All wonderful memories associated with something as basic as a human sustenance. A very small something that I was able to give to those that fed my heart.
And now, lots of years and loaves later, I have a bread machine and a mixer with a dough hook and still pretty good use of my own two hands that help me make yet another loaf of bread.
And this particular loaf is very tasty, indeed. I started out trying to recreate the loaf served at The Macaroni Grill and I like to think I came pretty close.
2 cups bread flour
1/2 cup whole wheat
1/4 cup rye
1/4 cup oats
1 1/2 tsp salt
1 1/4 cup water (follow your yeast directions for the water temp) if you want a less crispy loaf, substitute 1/4 cup olive oil for 1/4 cup water. (Also, you may require a bit more water. The dough should be soft like a baby’s butt.)
1 TB sugar
1/4 cup fresh rosemary, chopped (can’t find fresh, use dried)
1 TB yeast
Combine sugar and warm water. Check to set that it proofs. Add salt, flours, oats. Mix. Turn dough onto a floured surface and knead ten minutes, mixing in the rosemary. Shape into an oblong loaf and place on a baking sheet(the one I use is stone ware) using a sharp knife, slash the top about 1/4 inch deep in about 3-4 different places. Cover and let rise in a warm place, free from drafts, for about 45 minutes or until doubled in bulk. (If I have a lot going on, I use the dough cycle on my bread machine. Follow the manufacturers directions for loading the ingredients into the machine, adding the rosemary about 15 minutes into the kneading process. Once again, check your bread machine book, it will tell you when to add follow on ingredients.) Then follow the directions for slashing/ rising/baking.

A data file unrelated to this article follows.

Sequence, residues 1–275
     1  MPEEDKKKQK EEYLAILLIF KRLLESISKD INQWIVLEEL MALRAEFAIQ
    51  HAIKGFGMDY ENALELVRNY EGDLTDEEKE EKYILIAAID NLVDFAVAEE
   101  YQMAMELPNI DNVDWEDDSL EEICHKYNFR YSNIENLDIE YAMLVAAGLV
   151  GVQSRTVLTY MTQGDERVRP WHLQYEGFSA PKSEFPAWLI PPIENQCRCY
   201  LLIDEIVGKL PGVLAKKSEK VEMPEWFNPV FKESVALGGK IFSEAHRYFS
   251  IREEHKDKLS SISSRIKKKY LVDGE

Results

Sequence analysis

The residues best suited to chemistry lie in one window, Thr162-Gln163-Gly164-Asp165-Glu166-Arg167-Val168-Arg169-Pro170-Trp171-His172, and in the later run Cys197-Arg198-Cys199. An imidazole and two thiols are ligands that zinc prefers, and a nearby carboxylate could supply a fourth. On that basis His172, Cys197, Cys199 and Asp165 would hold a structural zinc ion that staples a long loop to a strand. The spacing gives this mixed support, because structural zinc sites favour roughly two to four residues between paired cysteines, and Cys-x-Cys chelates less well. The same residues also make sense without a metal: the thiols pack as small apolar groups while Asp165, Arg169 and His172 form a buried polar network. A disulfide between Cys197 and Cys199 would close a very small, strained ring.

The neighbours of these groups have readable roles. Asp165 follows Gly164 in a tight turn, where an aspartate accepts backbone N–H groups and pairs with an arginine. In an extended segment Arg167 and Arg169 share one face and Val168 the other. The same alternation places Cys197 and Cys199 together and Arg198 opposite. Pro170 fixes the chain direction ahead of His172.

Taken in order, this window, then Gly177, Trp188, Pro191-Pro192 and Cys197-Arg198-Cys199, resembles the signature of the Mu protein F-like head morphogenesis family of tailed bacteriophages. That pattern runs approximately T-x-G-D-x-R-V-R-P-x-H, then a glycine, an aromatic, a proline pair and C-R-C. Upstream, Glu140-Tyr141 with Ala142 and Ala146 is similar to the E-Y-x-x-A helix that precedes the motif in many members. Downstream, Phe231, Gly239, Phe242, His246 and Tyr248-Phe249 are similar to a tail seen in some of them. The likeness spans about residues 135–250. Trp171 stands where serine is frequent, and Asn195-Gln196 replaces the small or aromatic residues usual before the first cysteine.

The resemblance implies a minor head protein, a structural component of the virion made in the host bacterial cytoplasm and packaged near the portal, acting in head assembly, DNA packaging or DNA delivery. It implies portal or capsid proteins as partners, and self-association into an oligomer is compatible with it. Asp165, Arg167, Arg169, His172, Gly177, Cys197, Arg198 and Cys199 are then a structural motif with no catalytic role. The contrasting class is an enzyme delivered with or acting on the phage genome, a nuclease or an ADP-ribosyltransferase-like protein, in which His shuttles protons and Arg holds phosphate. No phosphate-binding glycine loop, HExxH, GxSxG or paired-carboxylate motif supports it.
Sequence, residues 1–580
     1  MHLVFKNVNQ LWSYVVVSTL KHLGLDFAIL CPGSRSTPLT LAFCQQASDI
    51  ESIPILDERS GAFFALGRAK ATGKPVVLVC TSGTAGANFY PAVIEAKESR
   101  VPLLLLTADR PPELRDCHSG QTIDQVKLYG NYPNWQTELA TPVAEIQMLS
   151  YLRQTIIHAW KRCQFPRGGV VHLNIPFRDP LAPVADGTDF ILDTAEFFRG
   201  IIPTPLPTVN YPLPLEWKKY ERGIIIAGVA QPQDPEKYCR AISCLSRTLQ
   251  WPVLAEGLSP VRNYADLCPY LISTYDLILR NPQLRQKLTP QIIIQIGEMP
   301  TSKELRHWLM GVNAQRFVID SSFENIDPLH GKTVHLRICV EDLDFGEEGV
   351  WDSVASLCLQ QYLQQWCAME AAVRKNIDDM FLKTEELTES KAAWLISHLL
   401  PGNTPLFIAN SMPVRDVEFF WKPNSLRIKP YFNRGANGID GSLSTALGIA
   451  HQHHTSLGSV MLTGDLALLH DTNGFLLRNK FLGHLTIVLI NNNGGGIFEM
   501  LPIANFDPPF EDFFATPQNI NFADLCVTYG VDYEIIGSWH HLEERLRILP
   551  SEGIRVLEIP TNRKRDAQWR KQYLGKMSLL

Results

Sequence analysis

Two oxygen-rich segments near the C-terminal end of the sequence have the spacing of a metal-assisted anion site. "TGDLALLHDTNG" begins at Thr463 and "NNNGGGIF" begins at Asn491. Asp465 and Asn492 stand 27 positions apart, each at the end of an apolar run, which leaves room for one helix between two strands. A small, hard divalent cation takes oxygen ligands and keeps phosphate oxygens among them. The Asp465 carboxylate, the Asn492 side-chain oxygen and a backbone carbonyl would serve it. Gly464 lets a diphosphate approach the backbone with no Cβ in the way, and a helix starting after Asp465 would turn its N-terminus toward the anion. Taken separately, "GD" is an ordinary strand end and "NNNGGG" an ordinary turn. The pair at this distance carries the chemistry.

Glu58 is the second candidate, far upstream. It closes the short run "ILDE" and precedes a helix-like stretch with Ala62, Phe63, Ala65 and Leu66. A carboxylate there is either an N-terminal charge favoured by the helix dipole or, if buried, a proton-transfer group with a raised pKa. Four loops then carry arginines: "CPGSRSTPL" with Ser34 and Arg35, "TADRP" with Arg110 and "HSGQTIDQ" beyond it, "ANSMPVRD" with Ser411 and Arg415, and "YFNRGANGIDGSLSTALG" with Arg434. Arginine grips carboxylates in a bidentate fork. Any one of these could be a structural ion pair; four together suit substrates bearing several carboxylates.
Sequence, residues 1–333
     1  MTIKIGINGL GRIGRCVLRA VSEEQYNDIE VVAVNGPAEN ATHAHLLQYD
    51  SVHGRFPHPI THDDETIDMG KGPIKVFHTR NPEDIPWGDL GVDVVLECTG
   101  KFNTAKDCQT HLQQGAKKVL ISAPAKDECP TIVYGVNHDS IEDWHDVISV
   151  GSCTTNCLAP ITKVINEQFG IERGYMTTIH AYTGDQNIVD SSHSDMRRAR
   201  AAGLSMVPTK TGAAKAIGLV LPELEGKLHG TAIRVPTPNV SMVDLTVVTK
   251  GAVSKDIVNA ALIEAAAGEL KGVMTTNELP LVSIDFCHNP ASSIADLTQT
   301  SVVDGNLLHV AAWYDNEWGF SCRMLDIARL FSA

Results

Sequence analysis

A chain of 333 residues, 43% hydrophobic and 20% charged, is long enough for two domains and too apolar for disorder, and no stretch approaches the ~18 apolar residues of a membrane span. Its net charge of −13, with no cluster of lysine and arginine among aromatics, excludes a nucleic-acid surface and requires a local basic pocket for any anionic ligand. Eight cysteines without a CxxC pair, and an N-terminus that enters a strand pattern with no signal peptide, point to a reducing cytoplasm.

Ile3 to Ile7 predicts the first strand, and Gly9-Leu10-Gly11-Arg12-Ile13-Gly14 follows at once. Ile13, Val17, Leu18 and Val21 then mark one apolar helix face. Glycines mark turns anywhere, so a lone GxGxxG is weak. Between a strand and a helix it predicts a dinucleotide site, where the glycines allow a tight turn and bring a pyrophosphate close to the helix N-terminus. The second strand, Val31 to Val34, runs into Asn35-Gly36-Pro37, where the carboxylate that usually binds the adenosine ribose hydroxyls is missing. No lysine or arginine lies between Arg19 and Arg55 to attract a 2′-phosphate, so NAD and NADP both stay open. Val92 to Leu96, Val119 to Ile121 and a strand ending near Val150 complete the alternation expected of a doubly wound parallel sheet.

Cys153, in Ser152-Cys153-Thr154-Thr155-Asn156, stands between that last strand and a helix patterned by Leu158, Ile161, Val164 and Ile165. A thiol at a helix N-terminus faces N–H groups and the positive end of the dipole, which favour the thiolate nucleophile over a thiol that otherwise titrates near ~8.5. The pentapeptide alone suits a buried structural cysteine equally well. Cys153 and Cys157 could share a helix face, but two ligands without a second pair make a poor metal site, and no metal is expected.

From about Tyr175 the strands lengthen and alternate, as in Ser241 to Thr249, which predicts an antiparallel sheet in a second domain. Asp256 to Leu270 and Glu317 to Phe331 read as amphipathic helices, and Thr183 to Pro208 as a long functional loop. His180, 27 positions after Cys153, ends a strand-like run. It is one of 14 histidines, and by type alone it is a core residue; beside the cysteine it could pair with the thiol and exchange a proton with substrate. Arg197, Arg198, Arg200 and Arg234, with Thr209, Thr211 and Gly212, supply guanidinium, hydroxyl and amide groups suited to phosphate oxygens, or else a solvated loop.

Preheat oven to 350. Bake at 350 degrees for about 40 minutes or until the loaf sounds hollow when tapped. Cool on a wire rack. Remove and coat with olive oil.
Beetnik Cake….Oh-h-h, the Things Our Moms Never Told Us
Editor’s Note: This recipe is from my gorgeous bombshell neighbor Teresa, another Oklahoma gal, although not by birth. She comes to us by way of Billings, Montana, a place that knows about cold weather because there is only one or two pieces of barbed wire between them and that arctic wind.
For those of you who remember this cake, the truth is now out. And I always thought I was being so cool man, eating this cake. After all, it was a Beatnik cake…..uhhh-huh.
Here is another recipe from Oklahoma and served at the Putnam City school districts’ cafeterias:
1/2 c. Hershey’s baking cocoa (or other favorite chocolate)
2 t. vanilla
1 c. cooking oil
1 3/4 c. all-purpose flour
1 1/2 c. sugar
1 1/2 t. baking soda
1/2 t. salt
1 1/2 c. ground canned beets and juice (consistency of applesauce)
3 eggs, well beaten
· Preheat oven to 350 degrees.
· Combine cocoa, vanilla and oil; mix thoroughly